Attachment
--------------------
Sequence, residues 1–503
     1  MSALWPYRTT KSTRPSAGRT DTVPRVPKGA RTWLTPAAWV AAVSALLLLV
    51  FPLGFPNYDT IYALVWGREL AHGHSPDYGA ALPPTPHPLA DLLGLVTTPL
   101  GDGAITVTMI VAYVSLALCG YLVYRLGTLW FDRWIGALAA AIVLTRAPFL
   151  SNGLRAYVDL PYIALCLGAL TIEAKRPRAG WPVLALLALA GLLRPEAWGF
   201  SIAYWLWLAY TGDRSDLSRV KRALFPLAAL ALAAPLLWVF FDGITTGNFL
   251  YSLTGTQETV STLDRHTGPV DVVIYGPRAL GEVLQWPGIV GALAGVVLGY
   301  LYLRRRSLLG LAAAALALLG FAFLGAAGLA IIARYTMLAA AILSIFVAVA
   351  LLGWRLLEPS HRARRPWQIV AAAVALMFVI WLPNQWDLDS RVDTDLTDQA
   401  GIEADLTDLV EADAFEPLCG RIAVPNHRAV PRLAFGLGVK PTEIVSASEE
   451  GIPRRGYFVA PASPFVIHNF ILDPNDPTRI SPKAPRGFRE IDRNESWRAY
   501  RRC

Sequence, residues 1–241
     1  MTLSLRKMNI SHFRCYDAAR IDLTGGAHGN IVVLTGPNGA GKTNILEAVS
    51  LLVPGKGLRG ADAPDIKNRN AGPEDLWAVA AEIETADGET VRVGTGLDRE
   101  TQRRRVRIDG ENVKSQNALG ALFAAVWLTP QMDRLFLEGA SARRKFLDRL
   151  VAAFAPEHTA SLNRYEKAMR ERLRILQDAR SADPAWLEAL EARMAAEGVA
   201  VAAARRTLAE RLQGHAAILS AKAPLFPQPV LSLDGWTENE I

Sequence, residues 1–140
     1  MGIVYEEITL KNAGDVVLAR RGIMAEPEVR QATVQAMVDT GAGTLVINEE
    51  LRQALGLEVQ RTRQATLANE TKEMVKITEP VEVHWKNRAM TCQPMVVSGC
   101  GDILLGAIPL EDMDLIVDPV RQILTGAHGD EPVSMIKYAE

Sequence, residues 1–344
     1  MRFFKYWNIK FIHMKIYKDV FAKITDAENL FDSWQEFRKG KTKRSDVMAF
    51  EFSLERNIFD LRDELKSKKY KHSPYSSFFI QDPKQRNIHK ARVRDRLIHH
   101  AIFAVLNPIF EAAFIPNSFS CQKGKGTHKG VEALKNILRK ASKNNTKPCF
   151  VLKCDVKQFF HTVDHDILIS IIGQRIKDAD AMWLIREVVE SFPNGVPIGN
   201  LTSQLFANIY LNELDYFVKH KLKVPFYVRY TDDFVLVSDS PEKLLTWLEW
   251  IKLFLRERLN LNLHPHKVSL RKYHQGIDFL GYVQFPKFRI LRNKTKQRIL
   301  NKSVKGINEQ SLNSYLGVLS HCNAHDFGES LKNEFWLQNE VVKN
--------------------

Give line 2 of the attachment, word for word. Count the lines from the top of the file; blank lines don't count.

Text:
     1  MSALWPYRTT KSTRPSAGRT DTVPRVPKGA RTWLTPAAWV AAVSALLLLV